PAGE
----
Steakhouse Foods Offers 3D Bio-Printers for Cultivated Meat Production

Print your dinner with a 3D bio-printer and bio-inks.

2 Min Read
Steakhouse Foods 3D bioprinting of fish.jpg
Steakhouse Foods is offering its 3D bioprinters and bio-inks that it uses to produce cultivated fish and other meat products to meat and cultivated alt meat manufacturers. The new business model allows for variation of food species as well as printing for ready to cook or incubated products.Image courtesy of Bruce Yuanyue Bi / The Image Bank via Getty Images

Steakholder Foods is developing Ready-to-Cook 3D bio-printers, for the production of hybrid cultivated products.

Just a couple of weeks ago, the company announced it had created fish fillets using bio-inks and 3D bio-printing that come out ready to cook.

Now the 3D printers, along with bio-inks, are ready for purchase from Steakholder Foods. It's a new business model the global cutlivated meat tech company hopes will catch on. The target is B2B meat manufacturers and cultivated meat producers.

Manufacturers can now have the ability to produce a cultivated meat product that aims to closely mimic the taste, texture, and appearance of traditional meat. The reason for the new business model is to monetize its 3D printers and bio-inks that are needed to support printer operation.

Steakholder's new business model for meat manufacturers includes:

1.  3D bio-printers: Two state-of-the-art 3D printer platforms are being developed: two types of printer platforms:

  • Ready to Cook (RTC) printer: The flagship product, the RTC printer produces a hybrid cultivated meat product made from a mixture of cultivated and plant-based ingredients.

  • The Company plans to offer lab- and industrial-scale printers using one of two types of technology to produce different end products. DropJet technology, based on drops of gel-based materials to create a 3D structure, is ideal for producing fish and seafood products; while for all other meat products, Fusion technology extrudes paste materials through a narrow nozzle, enabling the creation of fiber texture that best simulates conventional meat fibers.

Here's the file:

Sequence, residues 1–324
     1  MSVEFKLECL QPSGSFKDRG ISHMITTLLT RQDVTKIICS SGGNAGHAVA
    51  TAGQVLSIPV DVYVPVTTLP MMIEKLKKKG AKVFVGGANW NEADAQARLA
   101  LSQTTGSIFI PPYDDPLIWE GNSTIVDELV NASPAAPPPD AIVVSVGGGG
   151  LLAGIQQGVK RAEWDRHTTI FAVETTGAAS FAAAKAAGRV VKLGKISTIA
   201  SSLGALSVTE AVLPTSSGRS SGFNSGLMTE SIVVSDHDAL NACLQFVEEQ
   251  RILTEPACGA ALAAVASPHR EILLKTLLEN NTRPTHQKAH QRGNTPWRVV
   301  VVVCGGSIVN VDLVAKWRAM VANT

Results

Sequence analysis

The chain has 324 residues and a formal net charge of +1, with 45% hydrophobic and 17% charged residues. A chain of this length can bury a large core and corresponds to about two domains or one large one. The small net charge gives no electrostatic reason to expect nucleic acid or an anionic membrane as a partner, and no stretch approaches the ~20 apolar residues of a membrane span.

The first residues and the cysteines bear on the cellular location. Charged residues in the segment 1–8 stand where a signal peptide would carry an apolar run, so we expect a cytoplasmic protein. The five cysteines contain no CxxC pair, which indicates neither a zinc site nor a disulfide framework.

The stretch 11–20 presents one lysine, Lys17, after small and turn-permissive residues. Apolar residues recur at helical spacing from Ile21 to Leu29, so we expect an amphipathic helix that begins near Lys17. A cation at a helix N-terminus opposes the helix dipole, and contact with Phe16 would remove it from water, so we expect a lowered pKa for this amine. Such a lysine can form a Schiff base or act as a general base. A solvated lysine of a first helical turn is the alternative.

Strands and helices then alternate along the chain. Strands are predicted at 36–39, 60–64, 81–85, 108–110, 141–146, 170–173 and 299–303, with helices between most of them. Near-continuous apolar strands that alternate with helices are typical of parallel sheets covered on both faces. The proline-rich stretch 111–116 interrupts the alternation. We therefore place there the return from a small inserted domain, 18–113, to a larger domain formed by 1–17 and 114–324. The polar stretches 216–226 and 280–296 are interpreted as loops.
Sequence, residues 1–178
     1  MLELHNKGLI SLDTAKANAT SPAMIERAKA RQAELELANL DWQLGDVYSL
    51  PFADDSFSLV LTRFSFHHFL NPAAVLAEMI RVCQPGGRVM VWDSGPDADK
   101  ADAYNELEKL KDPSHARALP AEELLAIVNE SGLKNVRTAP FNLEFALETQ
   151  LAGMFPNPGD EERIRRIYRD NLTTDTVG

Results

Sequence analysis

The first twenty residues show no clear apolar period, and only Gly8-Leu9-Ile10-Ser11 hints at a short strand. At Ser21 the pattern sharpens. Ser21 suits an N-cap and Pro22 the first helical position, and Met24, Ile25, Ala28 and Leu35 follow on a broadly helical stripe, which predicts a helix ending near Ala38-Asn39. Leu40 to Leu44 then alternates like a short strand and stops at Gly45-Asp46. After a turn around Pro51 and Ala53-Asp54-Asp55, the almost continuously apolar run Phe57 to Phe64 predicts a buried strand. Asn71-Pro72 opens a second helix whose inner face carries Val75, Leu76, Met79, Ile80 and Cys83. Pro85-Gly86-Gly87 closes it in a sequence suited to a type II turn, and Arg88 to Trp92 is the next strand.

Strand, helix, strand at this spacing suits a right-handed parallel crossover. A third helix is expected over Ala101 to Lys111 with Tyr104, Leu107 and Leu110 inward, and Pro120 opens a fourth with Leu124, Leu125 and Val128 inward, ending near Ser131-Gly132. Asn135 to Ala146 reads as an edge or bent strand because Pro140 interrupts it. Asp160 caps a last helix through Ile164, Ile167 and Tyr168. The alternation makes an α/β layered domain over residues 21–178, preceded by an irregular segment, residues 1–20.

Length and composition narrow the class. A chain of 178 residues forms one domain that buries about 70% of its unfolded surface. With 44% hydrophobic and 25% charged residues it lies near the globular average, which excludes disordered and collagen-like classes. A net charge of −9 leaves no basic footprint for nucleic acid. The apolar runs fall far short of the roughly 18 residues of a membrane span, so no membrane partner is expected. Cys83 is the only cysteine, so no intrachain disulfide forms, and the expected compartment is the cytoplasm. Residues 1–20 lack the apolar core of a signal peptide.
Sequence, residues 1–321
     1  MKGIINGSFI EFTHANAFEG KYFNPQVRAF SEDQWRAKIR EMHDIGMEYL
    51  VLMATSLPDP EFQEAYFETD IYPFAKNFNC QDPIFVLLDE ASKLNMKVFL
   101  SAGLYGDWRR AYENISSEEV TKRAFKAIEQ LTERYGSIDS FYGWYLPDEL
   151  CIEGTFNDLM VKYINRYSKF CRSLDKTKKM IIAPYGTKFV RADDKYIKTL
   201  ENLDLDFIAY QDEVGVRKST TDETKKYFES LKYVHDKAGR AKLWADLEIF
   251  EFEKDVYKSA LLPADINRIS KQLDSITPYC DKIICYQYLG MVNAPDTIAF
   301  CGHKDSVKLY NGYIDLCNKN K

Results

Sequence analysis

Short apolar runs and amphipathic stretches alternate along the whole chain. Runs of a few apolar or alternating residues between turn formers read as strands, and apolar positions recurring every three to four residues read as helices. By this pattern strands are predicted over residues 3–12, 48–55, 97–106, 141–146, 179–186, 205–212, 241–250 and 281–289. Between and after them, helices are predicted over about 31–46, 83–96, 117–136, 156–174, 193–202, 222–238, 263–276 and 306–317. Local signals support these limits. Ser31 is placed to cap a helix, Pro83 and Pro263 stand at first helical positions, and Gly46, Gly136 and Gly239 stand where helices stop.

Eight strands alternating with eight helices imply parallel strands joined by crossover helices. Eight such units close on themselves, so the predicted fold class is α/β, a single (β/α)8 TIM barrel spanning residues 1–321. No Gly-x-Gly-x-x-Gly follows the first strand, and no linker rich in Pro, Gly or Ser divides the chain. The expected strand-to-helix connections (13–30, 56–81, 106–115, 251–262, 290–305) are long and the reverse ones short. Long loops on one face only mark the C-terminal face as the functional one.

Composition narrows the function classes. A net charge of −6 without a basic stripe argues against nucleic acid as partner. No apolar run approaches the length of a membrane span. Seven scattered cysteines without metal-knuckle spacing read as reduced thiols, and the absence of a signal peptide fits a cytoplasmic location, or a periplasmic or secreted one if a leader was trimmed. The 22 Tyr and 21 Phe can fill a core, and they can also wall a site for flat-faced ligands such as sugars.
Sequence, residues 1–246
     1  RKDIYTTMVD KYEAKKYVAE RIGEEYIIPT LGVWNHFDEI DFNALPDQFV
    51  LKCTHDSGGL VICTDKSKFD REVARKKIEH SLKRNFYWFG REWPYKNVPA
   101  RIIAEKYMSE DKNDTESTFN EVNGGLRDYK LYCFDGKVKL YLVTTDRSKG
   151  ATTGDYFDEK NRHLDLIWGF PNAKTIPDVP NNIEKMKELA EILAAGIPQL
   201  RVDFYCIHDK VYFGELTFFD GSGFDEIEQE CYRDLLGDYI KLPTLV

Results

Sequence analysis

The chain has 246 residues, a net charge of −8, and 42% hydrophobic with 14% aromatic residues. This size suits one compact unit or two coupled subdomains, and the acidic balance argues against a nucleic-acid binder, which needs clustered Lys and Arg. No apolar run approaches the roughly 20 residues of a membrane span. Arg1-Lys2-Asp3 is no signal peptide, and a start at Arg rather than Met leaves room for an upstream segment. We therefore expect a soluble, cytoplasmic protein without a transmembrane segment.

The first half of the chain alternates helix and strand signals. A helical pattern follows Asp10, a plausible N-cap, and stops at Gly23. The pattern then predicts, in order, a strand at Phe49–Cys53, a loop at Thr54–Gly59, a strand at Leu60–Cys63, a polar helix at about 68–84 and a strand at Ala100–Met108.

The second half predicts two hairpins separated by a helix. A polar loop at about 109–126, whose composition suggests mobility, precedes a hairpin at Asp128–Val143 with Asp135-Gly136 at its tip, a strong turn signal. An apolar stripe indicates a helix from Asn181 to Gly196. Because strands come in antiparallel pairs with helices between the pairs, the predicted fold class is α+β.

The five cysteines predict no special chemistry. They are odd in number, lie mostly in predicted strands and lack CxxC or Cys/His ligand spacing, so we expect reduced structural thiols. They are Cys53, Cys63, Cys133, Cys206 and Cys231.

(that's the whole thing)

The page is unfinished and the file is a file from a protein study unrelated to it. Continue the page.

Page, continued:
• 3D printer for incubated products: A 3D printer for an incubated product, such as tissue-engineered steak, can produce a fully matured, cultivated, printed meat product, which will require live cells to grow, differentiate, and mature, forming complex fibrous tissue that resembles the texture and taste of conventional meat.

2.  Bio-inks: Made of plant-based ingredients and cultivated cells, they are developed to ensure the production of tasty, safe, and consistent products. The company plans to offer customization options intended to allow clients to create bio-inks for any type of species they want to produce. The bio-inks will be available for purchase alongside the 3D printers. 

"By offering 3D printing production methodologies to B2B clients, Steakholder Foods has the opportunity to become a backbone supplier that enables the production of products that consumers seek and expect. Our 3D bio-printing technology and customized bio-inks reflect our commitment to revolutionizing the food industry," explained Arik Kaufman, CEO of Steakholder Foods. 

About the Author(s)

Powder Bulk Solids Staff

Established in 1983, Powder & Bulk Solids (PBS) serves industries that process, handle, and package dry particulate matter, including the food, chemical, and pharmaceutical markets.

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